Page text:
Steven Globerman

Resident Scholar and Addington Chair in Measurement, Professor Emeritus, Western Washington University

Mr. Steven Globerman is Resident Scholar and Addington Chair in Measurement at the Fraser Institute as well as Professor Emeritus at Western Washington University. Previously, he held tenured appointments at Simon Fraser University and York University and has been a visiting professor at the University of California, University of British Columbia, Stockholm School of Economics, Copenhagen School of Business, and the Helsinki School of Economics.

He has published more than 200 articles and monographs and is the author of the book The Impacts of 9/11 on Canada-U.S. Trade as well as a textbook on international business management. In the early 1990s, he was responsible for coordinating Fraser Institute research on the North American Free Trade Agreement.

In addition, Mr. Globerman has served as a researcher for two Canadian Royal Commissions on the economy as well as a research advisor to Investment Canada on the subject of foreign direct investment. He has also hosted management seminars for policymakers across North America and Asia.

Mr. Globerman was a founding member of the Association for Cultural Economics and is currently a member of the American and Canadian Economics Associations, the Academy of International Business, and the Academy of Management.

He earned his BA in economics from Brooklyn College, his MA from the University of California, Los Angeles, and his PhD from New York University.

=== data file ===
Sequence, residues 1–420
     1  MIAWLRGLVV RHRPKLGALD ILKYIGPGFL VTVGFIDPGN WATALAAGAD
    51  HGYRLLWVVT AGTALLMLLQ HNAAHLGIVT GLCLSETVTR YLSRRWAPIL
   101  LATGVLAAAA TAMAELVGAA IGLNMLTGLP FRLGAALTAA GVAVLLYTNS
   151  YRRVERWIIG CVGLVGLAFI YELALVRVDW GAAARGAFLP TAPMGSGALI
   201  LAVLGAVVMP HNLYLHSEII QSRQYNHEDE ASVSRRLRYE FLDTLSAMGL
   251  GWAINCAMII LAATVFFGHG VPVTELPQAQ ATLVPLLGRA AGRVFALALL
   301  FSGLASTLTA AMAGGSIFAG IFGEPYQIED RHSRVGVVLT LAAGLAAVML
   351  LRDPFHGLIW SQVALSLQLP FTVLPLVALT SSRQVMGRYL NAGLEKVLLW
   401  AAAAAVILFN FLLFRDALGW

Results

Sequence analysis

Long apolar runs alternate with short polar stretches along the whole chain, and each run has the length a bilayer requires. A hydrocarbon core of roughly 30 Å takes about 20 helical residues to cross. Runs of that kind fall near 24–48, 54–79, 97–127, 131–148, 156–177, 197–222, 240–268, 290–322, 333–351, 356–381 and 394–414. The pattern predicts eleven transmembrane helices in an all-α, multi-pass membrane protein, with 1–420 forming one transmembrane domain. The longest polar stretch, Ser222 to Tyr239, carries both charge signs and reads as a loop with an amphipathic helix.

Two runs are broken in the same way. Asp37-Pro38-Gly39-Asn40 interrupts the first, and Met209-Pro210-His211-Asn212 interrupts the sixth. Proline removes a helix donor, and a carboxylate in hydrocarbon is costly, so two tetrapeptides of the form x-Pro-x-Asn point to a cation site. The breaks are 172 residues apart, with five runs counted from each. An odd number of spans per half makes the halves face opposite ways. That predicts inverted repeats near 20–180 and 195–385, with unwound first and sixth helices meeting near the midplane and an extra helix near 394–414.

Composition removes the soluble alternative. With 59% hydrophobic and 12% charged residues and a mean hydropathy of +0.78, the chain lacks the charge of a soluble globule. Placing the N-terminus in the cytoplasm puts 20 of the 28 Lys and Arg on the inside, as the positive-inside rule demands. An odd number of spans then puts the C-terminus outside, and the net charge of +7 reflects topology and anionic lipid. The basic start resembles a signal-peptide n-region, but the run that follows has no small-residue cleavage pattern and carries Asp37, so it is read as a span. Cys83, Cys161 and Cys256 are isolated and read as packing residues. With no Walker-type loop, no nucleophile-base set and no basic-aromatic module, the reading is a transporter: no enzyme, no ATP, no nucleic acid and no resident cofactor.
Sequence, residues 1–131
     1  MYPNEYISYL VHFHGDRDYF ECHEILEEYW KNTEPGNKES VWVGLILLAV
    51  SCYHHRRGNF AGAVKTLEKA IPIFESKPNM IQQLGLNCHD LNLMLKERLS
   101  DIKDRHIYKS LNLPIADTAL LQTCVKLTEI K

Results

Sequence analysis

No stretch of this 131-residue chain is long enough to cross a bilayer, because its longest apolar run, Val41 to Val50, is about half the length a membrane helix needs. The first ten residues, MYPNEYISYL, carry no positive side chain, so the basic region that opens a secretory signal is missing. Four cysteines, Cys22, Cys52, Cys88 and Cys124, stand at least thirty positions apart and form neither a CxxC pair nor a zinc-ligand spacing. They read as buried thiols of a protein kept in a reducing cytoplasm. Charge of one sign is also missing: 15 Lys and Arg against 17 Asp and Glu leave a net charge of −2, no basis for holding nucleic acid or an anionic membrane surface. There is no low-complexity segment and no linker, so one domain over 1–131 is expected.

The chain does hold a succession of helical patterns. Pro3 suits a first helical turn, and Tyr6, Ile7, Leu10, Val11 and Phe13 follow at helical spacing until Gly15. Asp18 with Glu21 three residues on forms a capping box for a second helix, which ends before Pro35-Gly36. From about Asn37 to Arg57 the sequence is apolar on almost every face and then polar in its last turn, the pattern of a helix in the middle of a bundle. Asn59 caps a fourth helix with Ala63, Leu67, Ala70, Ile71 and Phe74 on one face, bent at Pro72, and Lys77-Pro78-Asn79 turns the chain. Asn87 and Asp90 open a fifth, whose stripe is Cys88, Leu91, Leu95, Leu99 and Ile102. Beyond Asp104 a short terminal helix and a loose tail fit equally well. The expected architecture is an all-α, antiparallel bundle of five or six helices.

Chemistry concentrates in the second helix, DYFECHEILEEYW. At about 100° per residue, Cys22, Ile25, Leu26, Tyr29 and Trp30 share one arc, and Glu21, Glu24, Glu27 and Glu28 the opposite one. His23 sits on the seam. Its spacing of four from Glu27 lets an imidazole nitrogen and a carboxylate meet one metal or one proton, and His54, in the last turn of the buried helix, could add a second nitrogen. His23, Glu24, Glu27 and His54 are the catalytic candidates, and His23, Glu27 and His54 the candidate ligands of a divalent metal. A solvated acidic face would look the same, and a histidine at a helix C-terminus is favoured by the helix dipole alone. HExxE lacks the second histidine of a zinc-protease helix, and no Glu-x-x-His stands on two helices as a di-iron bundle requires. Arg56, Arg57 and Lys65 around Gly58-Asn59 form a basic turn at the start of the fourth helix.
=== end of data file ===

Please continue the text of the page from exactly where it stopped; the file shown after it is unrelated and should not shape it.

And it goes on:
Recent Research by Steven Globerman

— May 6, 2021
Printer-friendly version
Canada’s Aging Population and Income Support Programs

Canada’s Aging Population and Income Support Programs is a new study that finds from 2020 to 2030, as a result of the growing number of seniors in Canada, the cost of Old Age Security and the Guaranteed Income Supplement will increase by almost 70 per cent, from $60.8 billion to over $103 billion.

— Mar 25, 2021
Printer-friendly version
Aging and Expenditures on Health Care

Aging and Expenditures on Health Care is a new study that finds Canadians over the age of 65, who are projected to make up 23.4 per cent of the population by 2040, will account for 71.4 per cent of total health care expenditures in that year. And in fact, health care spending is projected to grow by 88 per cent from 2019 to 2040 as a result of the growing number of Canadians aged 65 and older.

— Mar 4, 2021
Printer-friendly version
Achieving the Four-Day Work Week: Essays on Improving Productivity Growth in Canada

Achieving the 4-Day Work Week: Essays on Improving Productivity Growth in Canada is a new essay series, authored by notable economists and analysts from across North America, that identifies and discusses a set of initiatives that promise to improve Canada’s labour productivity growth rate, which is essential to achieve a 4-day work week without sacrificing compensation. In broad terms, the initiatives identified in these essays promote faster productivity growth by encouraging more investment in physical and human capital, and by stimulating innovation and entrepreneurship.